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Chicago Tribune - 27 June 1991

PostPosted: Sun Oct 30, 2011 6:43 pm
by Neil83
http://articles.chicagotribune.com/1991 ... cord-music

Soft Sell
Leader Lee Mavers Detests The La`s` Debut Album
June 27, 1991|By Greg Kot, Rock music critic.

The La`s eponymous debut album ranks as one of the best records released this year and has been creating a buzz unusual for an act steeped in music rather than fashion, but don`t tell that to the British quartet`s singer-guitarist, Lee Mavers.

``I don`t like the record at all, I can`t listen to one song on it,`` he says in the same thick Liverpudlian accent with which he sings.

He predicts that when the band makes its Chicago debut Thursday at Cabaret Metro, the audience will ``be angry-not at us, they`ll be angry for us because of what`s been done to our music on record. That`s good, because that`s power, that`s energy.``

Mavers is upset because he thinks the band has been dealt with unfairly by the British branch of its record company, Polygram.

``We got signed up on the strength of demos we did in August 1986, which cost us 15 pounds to do in a day-and it`s our best recorded work to date,`` he says. ``Over the next three years, we worked with seven different producers that were forced upon us in seven different studios, and all the music was taken out of it.``

Mavers is nonetheless relieved that ``The La`s`` is finally out. A compilation of singles, it clears the decks for the band to record without outside interference.

``The music we make together is raw and organic,`` he says. ``But when it`s filtered through all this digital technology, it doesn`t sound good.

``Now we`re in total control of our own work. We give them only what we want from now on. All they`re gonna do is print `em up and send `em out.``

Reared in the blue-collar town that spawned the Beatles, Mavers said he learned the value of willpower there.

``There are two options in Liverpool: Do it yourself, or don`t,`` he says. ``You can easily be put into this school and onto that conveyor belt. You learn quickly that there`s a difference between truth and reality. I`ve been trying to bring the two together ever since.``

Mavers, 28, and bassist John Power, 23, formed the band in 1986 and eventually were joined by Mavers` brother, Neil, 19, on drums and Cammy, 23, on guitar.

``We did it because the music around us was total rubbish, soulless,`` he says. ``The Manchester fad is already passed in England, because there`s no real content. It`s been a long time since something happened from the street.``

Mavers` working-class passion and restless energy bubble through in his songs: terse, rapturously melodic, hard-rocking snapshots of dreamers and rebels that evoke classic influences.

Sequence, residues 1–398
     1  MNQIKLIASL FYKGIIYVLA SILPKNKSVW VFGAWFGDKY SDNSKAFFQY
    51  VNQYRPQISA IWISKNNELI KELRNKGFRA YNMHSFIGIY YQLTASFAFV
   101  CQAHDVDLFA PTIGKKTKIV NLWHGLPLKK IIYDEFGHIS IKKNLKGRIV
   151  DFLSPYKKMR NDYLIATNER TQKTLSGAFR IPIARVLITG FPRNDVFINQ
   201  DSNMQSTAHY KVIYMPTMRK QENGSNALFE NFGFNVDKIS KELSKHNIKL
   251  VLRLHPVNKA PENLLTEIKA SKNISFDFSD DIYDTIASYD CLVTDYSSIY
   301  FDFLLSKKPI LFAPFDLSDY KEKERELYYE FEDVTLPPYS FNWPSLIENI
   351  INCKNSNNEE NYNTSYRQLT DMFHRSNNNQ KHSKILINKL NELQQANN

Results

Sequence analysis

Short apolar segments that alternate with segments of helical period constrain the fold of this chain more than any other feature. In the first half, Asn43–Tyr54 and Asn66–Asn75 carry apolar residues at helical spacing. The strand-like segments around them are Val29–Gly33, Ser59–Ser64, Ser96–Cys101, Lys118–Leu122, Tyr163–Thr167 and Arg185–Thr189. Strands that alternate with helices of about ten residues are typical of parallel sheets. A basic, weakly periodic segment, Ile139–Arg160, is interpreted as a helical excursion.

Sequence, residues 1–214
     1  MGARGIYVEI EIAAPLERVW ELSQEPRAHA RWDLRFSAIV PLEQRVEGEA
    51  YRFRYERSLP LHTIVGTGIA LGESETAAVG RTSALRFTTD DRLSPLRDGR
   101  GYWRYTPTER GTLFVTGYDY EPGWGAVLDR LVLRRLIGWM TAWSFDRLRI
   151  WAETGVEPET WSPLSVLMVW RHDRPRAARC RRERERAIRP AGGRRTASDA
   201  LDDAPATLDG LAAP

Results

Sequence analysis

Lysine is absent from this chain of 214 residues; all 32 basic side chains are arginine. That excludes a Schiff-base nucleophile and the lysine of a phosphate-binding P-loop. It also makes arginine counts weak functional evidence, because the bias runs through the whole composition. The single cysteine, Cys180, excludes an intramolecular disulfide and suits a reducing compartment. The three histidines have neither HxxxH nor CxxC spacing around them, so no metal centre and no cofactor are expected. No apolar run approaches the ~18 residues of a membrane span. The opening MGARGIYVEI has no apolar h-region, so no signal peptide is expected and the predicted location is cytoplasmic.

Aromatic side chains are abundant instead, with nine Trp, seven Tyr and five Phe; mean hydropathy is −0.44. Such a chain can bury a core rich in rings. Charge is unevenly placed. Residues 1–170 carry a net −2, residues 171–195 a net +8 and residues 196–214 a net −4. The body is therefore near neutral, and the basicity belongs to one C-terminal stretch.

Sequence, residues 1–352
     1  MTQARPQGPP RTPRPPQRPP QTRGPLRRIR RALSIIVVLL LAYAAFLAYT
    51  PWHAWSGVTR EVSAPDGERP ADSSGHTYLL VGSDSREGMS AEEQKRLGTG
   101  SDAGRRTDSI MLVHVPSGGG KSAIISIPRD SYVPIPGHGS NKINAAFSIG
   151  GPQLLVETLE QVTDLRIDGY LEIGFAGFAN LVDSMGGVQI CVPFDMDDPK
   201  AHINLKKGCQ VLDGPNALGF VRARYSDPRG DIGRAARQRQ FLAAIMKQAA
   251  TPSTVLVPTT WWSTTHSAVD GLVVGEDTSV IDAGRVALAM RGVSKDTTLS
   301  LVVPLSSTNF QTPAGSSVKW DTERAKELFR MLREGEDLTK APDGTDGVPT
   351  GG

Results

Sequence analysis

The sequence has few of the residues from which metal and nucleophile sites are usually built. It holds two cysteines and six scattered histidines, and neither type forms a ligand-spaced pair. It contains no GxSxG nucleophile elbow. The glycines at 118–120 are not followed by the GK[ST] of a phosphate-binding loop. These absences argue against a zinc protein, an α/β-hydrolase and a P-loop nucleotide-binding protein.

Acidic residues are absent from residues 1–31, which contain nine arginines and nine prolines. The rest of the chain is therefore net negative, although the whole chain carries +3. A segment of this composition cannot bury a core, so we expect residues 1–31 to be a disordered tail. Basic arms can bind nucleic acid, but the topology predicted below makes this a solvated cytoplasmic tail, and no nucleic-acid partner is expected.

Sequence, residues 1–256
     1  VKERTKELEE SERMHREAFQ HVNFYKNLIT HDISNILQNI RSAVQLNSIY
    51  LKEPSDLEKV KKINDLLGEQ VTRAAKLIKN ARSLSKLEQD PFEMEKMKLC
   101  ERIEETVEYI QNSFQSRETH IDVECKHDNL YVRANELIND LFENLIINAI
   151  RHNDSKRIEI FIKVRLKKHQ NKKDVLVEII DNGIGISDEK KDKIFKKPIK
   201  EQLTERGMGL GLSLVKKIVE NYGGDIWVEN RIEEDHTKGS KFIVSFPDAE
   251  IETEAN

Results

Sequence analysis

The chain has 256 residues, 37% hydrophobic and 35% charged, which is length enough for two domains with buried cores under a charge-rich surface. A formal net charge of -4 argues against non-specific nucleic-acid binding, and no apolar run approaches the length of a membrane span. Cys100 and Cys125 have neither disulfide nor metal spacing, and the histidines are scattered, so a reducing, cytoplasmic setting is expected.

``Chuck Berry, Bo Diddley, James Brown, Captain Beefheart, early Who, Bob Marley, Louis Jordan, Duke Ellington, Ella`s voice-that`s the backbone, the real soulful stuff that you can learn from and grow with,`` Mavers says.

``There`s a thing that ties them all together-a raw, rich rrrrrrrrrrr! A growl. A feel that can`t be bought.

``It`s not a new sound we have, but something genuinely ancient,`` he adds. ``Because what`s right has always been right.``


Album review
http://articles.chicagotribune.com/1991-02-14/features/9101140297_1_star-guitars-ray-davies

The La's The La's (Go! Discs/London...
February 14, 1991|By Greg Kot.

The La`s

The La`s (Go! Discs/London) (STAR)(STAR)(STAR)(STAR)

With a dozen great pop tunes in under 36 minutes, the La`s sound as though they couldn`t care less about the latest trend in England. The quartet`s thick Liverpudlian accents and roughly strummed acoustic guitars sound invitingly unscrubbed and raw. Songwriter Lee Mavers mixes Billy Bragg- style punk folk, early Fleetwood Mac-style blues, skiffles, dance-hall ditties and Merseybeat guitar jangle without strain or contrivance. His terse lyrics convey the restlessness and cynicism of English youth, but the rapture of his melodies provides a way out. Even the nearly 8-minute-long ``Lookin` Glass`` doesn`t overstay its welcome, while ``There She Goes,`` ``Doledrum``and the aptly titled ``Timeless Melody`` sound like minor classics. This is the kind of wonderful record Ray Davies and the Kinks were making in the late `60s, while the rest of the world was jumping on the acid-rock bandwagon. Similarly, Lee Mavers is following his heart while the rest of England is recycling house music. The Kinks fell into commercial decline while making the best albums of their lives. Let`s hope the La`s get what they deserve.

Ratings:

Excellent (STAR)(STAR)(STAR)(STAR)

Good (STAR)(STAR)(STAR)

Fair (STAR)(STAR)

Poor (STAR)